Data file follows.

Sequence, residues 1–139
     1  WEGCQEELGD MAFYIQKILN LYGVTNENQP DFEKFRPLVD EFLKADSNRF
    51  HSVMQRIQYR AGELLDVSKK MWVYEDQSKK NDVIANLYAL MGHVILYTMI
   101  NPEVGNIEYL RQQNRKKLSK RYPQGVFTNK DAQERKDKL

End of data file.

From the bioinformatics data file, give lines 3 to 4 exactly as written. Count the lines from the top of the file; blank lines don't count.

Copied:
    51  HSVMQRIQYR AGELLDVSKK MWVYEDQSKK NDVIANLYAL MGHVILYTMI
   101  NPEVGNIEYL RQQNRKKLSK RYPQGVFTNK DAQERKDKL